ArthritisFootcare: "It's In The Shoes"

Many forms of arthritis commonly affect the feet. When they do, walking can be difficult and painful.

Osteoarthritis frequently causes degeneration of the cartilage and bony spurs at the base of the big toe. This is what leads to bunions. Wider shoes may be necessary. High-heeled and pointed shoes should be avoided since they can put unnecessary pressure at the point of the bunion. Degeneration of the arch of the foot can lead to spur formation on the top of the foot. This can put pressure on adjacent nerves of sensation, which can cause burning of the foot and toes. When this discomfort occurs, patients should avoid tying the shoe tightly or wear a shoe that does not bind at the point of the spur.

Rheumatoid arthritis causes inflammation of the joints at the ball of the foot, which loosens their ligaments and can cause the bone to push against the skin of the bottom of the foot. This can lead to tender calluses and ulcerations at the ball of the foot, which may even require surgical repair. A bar of leather attached to the bottom of the shoe behind the arch of the foot can help by displacing pressure from the ball to the middle of the foot. Further rheumatoid deformity can cause the toes to cock up, which can lead to abrasion of the tops of the toes.

Box-toed shoes can be extremely comfortable for persons with these deformities. Lumps of soft tissues, called nodules, can form on the sides of the foot, heel, or on the toes. Nodules can ulcerate from abrasion of shoes. Sometimes, slits cut into the shoe at the point of the nodules can help to relieve painful pressure. Furthermore, non-tie style laces are now available, thus making it easier for persons with rheumatoid arthritis to fasten the shoes.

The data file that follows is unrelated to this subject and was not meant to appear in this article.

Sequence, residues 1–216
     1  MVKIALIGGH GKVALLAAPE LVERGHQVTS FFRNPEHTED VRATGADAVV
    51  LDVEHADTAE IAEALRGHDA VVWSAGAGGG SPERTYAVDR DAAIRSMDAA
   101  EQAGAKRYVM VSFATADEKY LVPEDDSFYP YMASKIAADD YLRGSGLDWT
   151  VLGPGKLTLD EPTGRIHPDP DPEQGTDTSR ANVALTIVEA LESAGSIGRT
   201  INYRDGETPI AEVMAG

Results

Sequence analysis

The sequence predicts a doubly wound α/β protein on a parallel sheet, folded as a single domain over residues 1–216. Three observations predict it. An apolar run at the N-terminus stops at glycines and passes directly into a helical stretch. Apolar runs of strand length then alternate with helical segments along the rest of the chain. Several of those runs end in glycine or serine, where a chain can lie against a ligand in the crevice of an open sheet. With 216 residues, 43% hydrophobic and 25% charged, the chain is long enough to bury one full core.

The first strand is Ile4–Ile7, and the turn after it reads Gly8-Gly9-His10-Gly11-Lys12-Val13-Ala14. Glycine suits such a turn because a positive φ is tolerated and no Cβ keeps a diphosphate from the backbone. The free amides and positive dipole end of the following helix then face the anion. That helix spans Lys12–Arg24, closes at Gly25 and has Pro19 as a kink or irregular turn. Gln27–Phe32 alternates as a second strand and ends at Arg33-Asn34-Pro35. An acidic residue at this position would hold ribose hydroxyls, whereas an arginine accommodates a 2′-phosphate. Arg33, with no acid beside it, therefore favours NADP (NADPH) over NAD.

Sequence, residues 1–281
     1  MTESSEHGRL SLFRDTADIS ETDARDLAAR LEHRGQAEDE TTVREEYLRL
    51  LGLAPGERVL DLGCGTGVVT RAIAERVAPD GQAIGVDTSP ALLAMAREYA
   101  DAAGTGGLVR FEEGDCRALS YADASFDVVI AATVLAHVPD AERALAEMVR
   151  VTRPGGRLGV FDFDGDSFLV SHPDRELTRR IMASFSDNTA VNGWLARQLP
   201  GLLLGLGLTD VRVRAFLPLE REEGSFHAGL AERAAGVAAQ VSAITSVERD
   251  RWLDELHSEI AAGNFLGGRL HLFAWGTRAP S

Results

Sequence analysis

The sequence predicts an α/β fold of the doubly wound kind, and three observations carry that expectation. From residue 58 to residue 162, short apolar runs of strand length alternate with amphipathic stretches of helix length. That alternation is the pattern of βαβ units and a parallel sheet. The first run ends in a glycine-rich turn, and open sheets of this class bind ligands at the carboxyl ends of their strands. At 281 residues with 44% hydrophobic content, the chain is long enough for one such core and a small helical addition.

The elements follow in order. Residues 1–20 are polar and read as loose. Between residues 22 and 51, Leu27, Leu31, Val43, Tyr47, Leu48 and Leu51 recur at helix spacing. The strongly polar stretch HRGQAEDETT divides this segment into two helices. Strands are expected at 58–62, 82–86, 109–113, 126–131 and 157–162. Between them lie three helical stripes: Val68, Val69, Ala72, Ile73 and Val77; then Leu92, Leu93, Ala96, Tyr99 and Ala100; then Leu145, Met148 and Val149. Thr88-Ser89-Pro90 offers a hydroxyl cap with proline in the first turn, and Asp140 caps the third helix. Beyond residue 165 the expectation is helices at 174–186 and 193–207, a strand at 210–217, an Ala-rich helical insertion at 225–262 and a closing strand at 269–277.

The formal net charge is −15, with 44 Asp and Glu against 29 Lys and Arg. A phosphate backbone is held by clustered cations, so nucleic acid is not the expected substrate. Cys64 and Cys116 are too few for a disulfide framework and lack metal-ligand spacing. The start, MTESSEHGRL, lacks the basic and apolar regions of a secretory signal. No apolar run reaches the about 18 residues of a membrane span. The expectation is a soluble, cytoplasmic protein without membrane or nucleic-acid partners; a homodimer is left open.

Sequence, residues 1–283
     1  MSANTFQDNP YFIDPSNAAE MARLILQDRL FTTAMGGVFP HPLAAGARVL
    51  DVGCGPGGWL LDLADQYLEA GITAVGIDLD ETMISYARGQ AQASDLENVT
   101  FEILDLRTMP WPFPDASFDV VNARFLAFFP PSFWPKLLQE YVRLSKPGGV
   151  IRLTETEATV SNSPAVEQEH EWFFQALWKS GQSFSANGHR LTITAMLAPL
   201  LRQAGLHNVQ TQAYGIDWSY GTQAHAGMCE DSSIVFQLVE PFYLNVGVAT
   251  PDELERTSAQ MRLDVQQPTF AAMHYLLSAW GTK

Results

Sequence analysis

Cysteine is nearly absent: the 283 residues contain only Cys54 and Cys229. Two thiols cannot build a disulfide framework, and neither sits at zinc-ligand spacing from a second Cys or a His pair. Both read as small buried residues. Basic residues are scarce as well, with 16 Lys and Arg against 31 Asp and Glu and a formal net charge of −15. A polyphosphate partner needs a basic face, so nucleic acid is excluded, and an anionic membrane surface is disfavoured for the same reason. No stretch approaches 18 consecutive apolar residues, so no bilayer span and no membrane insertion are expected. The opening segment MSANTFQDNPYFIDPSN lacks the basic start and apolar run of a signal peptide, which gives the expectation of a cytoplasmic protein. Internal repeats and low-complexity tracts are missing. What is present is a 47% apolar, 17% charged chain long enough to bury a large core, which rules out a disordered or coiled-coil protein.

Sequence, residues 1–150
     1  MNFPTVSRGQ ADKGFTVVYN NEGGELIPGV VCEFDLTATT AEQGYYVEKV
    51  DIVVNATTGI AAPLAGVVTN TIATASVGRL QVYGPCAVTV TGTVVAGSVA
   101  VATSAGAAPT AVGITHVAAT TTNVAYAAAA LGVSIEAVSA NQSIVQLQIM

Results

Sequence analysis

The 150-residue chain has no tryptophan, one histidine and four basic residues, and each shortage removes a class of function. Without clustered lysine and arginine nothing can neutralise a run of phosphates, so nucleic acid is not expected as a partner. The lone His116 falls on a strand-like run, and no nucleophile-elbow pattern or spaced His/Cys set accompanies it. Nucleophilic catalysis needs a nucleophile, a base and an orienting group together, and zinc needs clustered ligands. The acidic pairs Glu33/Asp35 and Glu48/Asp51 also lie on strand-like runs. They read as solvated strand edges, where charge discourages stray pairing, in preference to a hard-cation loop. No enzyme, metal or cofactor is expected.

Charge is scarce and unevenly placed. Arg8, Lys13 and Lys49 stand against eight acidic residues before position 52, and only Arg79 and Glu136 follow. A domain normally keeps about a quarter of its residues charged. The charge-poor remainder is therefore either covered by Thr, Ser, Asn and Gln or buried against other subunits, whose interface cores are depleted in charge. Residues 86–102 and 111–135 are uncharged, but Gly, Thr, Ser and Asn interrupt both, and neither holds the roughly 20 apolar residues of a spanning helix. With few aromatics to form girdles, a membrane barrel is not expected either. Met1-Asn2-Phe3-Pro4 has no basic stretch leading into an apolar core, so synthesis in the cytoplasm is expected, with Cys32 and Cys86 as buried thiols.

Gout can cause hard deposits of uric acid crystals to form a lump at the inner side of the base of the big toe. Depending on the size of the deposit, there can be abrasion and even ulceration from the shoe. Wider style shoes can be helpful.

Occasionally, doctors will examine the shoes that a patient has worn to find evidence of deformity (for instance, a shoe leaning to one side or another), wear, and alignment. The independent shoe exam is like a history book of the use of the foot over recent months. It can sometimes be used to help define not only causes of foot pains, but also ankle, knee, or hip pains.

In general, running shoes are frequently an advantage because of their lightweight. Proper shoes can provide welcome relief and often improved function for patients with foot damage from arthritis. When picking out a shoe, ALWAYS try on several pair and walk around in them before purchasing. The salesperson will understand that you are interested in both function and comfort.

Great-fitting shoes are worth investing time and effort. Be kind to your feet and they will get you where you want to go!

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